Are there any end-user undertakings?
- MTCR Partners have agreed that, in a manner consistent with their national laws and practices, and when relevant under the MTCR Guidelines and other existing undertakings, Partner countries should take the following steps before the transfer of a controlled item:
- Provide a statement from the end-user specifying the use and end-use location of the proposed transfer, accompanied, if necessary, by documents explaining its business activities and organization;
- Supply an explicit end-use assurance stating that the proposed transfer(s) will not be used for any activities related to the development or production of WMD delivery systems; and
- Where possible, and if deemed necessary, an assurance that a post-shipment inspection may be made by the exporter or the exporting government.
- Partners have also agreed that they should obtain end-user assurances that their consent will be secured, in a manner consistent with their national law, prior to any retransfer to a third country of the equipment, material or related technology, or any replica thereof.
How is inter-Partner trade regulated?
- Membership in the MTCR does not involve either an entitlement to obtain technology from another Partner or an obligation to supply it. Partners have explicitly affirmed this principle.
- Partners are expected, just as in such trade between Partners and non-Partners, to exercise appropriate accountability and restraint in inter-Partner trade.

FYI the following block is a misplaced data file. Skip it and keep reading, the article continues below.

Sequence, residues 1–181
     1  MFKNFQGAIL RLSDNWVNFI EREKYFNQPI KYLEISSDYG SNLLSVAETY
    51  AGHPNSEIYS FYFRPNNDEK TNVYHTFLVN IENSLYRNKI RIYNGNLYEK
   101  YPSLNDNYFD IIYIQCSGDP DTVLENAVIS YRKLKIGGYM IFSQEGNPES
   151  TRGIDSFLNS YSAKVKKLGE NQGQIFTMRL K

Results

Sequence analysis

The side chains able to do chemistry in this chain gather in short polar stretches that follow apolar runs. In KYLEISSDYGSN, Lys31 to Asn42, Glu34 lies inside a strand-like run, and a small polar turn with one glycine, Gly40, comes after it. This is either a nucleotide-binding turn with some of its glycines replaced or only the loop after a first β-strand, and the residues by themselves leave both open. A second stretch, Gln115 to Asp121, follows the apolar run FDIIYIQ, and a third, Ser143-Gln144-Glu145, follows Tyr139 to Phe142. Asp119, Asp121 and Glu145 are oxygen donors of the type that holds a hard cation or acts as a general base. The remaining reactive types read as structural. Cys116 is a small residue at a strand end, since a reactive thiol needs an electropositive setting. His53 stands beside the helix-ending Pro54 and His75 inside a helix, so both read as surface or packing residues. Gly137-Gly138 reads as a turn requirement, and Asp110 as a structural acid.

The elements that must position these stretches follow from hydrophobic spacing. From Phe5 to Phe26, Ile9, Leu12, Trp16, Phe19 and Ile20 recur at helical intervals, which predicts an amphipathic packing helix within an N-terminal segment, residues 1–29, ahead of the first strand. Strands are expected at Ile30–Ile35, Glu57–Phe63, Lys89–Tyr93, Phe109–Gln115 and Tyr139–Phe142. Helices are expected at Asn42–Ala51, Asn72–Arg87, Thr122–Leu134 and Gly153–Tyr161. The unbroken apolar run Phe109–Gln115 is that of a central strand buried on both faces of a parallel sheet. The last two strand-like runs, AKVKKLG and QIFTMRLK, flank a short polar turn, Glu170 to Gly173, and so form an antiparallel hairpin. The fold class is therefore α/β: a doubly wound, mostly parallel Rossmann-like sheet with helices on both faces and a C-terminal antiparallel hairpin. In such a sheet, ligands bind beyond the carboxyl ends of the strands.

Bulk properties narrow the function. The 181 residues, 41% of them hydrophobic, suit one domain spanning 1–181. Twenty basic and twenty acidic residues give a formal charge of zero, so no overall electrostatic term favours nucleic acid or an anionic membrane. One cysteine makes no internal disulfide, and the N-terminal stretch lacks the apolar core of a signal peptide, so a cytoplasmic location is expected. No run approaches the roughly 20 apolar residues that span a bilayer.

On what basis are membership decisions taken?
- The decision to admit a new Partner is taken by consensus.
- In making membership decisions, Partners tend to consider whether a prospective new member would strengthen international nonproliferation efforts, demonstrate a sustained and sustainable commitment to nonproliferation, has a legally-based, effective export control system that puts into effect the MTCR Guidelines and Annex, and administer and enforce such controls effectively.
- The Regime’s dialogue with prospective Partners is conducted through the MTCR Chair, visits to capitals by representatives of 3-4 MTCR Partner countries, and bilateral exchanges.
- The Regime does not have an observer category.
Can countries adhere to the MTCR Guidelines and Annex without being obliged to join the Regime?
- A country can choose to adhere to the MTCR without being obligated to join the group, and a number of have done so. MTCR Partners welcome opportunities to conduct broader dialogue on nonproliferation issues with such countries.
- MTCR Partner countries encourage all countries to observe the MTCR Guidelines and Annex.
How often do MTCR Partners meet?
- MTCR Partners hold an annual plenary meeting chaired on a rotational basis.
- Intersessional consultations take place monthly through “point of contact” (POC) meetings in Paris. POC meetings are on occasion “reinforced” by the attendance of officials based in capitals (so called “Reinforced POC” or “RPOC” meetings). Technical experts meetings are held on an ad hoc basis.
- The MTCR has no secretariat. Distribution of the Regime’s working papers is carried out through a central “Point of Contact,” the functions of which are performed by the Ministry of Foreign Affairs of France.
- The MTCR also undertakes outreach activities to non-partners. These activities aim to both keep non-partners informed about the group’s activities and to provide practical assistance regarding efforts to prevent the proliferation of WMD delivery systems.